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Those Who Speak

Posted by BKS | No comments
Prelude – The Awakening, October 16, 1637 The morning of their final day arrived biting and redolent of the smoke from the night’s nearly-dead fires. ...

Those Who Speak

Posted by BKS | 1 comment
I. My grandmother once said to me, “There are those who speak about what happened, and there are those who do not.” And when prompted to elaborate, ...

Payback

Trevor Halprin sat alone and silent in his car in front of the building. A light mist coated the windshield and the only sound was the faint ticking of the cooling engine. He’d lived in Brooklyn his entire life, but he had never before been in this area of the city. It was a complex of unremarkable single story buildings near the Fort Hamilton Promenade, just east of the Verrazano Bridge. There were a few other cars parked up and down the long street, but no one walking around, a mildly unsettling thing anyplace in New York City. Trevor had been given an appointment time of 4:00 p.m. and instructed not to be too early or too late. But he was nearly half an hour early, since he’d been uncertain of directions. So he sat and he ...

Bedtime

With a brush of my hand I turn the light to darkness. And in that moment, as all the images fade to black, what remains are the bits and pieces my mind has saved up all day for just this moment. Pictures and stories that stumble about, keeping me awake. A panoply of visions and dreams that shun the light of day, but now dance about like newly wakened vampires, only to melt away with the first hint of ...

As I Fade Away

I was there for a time, until I was not. But in that moment between the there and the not there, something arose, almost like a feeling. Or at least I thought that was what it was. Only now, in hindsight, I cannot but wonder if perhaps what I mistook for feeling was not instead something instinctual, beyond my control. Like certain organisms drawn toward light or warmth. That would explain a lot. The ease of it all. The painlessness of slipping ...

The Antique Shop

A couple of blocks east of Jackson Square, in New Orleans’ French Quarter, wedged into a narrow alley abutting St. Louis Cathedral, stood a small single-story antique emporium called The Alcove. The building, viewed head-on, appeared a bit twisted and of dubious structural integrity, in the same manner as certain ancient pubs in remote English townships. You had to push hard on the front door to get it to open. On the rare occasions when someone did so, a small bell affixed to the top of the door would tinkle brightly, conveying positivity that a subsequent look about the place would promptly cast doubt upon. Mere words could not do justice to the interior of The Alcove, but if they could, they would include words like hodgepodge, ...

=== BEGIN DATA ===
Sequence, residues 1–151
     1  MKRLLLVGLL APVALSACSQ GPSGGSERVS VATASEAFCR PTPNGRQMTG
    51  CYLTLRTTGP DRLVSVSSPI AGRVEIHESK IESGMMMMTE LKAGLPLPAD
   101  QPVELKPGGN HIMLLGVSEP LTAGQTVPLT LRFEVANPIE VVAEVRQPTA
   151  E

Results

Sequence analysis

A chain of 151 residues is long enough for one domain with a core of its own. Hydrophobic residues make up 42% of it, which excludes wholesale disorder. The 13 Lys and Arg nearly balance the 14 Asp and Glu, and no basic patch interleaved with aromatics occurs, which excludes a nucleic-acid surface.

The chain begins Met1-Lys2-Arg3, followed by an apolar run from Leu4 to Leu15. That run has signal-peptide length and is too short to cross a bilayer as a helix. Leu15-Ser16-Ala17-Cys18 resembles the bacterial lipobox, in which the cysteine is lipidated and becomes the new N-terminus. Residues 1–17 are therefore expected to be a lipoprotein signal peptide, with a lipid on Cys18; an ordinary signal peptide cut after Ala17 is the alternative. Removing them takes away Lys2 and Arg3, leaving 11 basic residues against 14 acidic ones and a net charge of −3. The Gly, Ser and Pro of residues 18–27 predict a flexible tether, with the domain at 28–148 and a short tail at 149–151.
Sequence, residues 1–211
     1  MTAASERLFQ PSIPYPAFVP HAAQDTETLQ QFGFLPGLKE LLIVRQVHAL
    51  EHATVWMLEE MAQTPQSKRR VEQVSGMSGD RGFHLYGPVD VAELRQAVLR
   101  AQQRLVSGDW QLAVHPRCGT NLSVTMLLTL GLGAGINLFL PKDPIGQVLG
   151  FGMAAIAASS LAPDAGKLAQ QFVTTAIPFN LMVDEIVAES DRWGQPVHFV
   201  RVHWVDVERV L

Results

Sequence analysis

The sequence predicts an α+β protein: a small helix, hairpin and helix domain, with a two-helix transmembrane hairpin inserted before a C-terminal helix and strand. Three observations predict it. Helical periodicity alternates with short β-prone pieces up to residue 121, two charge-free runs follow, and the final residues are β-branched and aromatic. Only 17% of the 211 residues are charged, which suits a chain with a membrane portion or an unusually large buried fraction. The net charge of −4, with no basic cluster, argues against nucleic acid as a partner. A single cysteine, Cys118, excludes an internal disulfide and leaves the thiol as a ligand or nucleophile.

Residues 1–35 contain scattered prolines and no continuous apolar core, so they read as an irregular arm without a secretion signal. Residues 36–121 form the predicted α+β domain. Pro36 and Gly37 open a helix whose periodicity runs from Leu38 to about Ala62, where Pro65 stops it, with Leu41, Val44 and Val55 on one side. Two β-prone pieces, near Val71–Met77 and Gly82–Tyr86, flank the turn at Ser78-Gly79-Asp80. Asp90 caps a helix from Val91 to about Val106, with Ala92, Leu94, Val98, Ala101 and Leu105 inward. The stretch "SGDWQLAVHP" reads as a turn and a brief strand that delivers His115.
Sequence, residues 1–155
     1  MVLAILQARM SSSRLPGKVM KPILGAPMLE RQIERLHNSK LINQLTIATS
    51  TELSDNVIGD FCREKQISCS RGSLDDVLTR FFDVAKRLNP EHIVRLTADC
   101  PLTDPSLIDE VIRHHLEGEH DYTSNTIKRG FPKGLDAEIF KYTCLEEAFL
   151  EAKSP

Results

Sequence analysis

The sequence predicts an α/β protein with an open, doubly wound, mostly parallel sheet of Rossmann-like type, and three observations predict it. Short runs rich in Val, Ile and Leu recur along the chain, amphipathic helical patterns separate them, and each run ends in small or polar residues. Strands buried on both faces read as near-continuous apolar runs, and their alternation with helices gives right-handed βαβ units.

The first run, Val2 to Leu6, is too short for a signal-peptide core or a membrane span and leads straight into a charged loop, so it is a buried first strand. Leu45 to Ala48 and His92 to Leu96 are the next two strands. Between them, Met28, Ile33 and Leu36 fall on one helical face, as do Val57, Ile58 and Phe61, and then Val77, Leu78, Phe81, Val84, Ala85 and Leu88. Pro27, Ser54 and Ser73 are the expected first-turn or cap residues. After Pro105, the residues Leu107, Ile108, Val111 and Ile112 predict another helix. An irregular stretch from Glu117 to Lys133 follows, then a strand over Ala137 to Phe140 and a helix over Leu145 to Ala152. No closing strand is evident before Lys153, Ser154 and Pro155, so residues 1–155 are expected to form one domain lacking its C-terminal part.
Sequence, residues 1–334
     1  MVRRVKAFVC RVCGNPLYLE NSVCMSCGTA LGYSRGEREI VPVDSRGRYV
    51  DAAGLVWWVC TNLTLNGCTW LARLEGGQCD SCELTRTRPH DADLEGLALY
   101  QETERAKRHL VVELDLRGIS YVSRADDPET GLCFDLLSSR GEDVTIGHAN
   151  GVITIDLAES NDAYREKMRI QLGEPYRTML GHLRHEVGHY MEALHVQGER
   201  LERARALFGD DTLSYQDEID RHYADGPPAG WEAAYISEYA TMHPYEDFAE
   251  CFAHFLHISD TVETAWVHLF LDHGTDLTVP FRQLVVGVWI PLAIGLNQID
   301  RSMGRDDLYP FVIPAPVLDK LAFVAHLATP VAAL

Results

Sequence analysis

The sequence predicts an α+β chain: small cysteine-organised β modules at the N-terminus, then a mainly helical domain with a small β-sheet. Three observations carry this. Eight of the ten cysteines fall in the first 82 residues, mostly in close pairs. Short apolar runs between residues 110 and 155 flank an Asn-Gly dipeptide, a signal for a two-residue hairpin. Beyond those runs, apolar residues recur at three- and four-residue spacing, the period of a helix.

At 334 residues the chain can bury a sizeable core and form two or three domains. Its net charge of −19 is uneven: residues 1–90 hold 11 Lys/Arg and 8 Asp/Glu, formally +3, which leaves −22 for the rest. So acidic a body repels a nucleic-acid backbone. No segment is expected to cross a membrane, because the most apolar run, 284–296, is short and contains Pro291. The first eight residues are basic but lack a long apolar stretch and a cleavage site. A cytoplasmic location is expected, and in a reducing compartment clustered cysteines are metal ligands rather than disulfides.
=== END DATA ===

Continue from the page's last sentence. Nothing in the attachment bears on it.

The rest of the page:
The Fletcher Legacy

Monday, January 12, 1903, 8:45 p.m. Conrad Fletcher lay dead, or seemingly so, on the floor of his capacious upstairs library. A crystal highball glass lay unbroken beside him, its contents spilt out and soaked into the carpet on which Fletcher lay. Oddly, none of the assembled guests leapt to the aid of the stricken man. Instead they simply stood about the library, a few looking at Fletcher, but most making a point of not looking at him, as though either seeking some measure of plausible deniability or perhaps expecting others to do whatever was appropriate to the situation. At last, however, Giles Prescott knelt beside Fletcher’s prostrate form and leaned in closely, his hand, then his ear to the fallen man’s mouth. After a moment so ...

Rendezvous

Mirabelle weeps with the coming of dawn. She does not know why. Nor does the dawn. She knows only that she smiles upon the rising sun each morning, and it smiles back, but with a glow reserved and pleasing, saving its harsh glare for later, for those unfortunates crossing open desert or bearing life’s great burdens.   For now the morning is only Mirabelle and her sun. Each morning they meet this way, not because she has anywhere to be so early, but because there is no one else in her life who lifts her up like this, who makes her face glow and imbues her with warmth. And yes, Mirabelle weeps, but it is not the weep of sadness. No, she sheds her tears for the emerging day, and for the joy of a love once only dreamt of, but now made ...

Arrival

It is months, brother. Months we’ve been at this. Nigh on a year even. And are we any closer? We have searched every nook, every dark corner, only there’s no way out.   Indeed, brother, the search is long, arduous, and yet even now there appears in the distance a pure white light that may be our salvation. Lead on, brother and I shall be fast behind. For have I ever left your side throughout our long travail?   Push on. We shall yet be free. Only, Jesus, the light it blinds. And the hands that draw us from the darkness, while oh so cold, seem also to welcome and nurture, as though searching, brother, searching for us all ...

Free-fall

It was none of my doing. After all, what did I know? Only that it was my turn, my place and time. A chance to blaze a trail, carve my mark on the face of it. But no one told me how or what or even why. No manuals were provided. I was simply flung from the precipice, out into space with all the rest. And now, as I fall, I do what I can to make a difference, change a life, create something where there was nothing. All the while glancing down at the fast-approaching bottom, redoubling my effort to finish what I started, so that later, when another passes by, they will know I was ...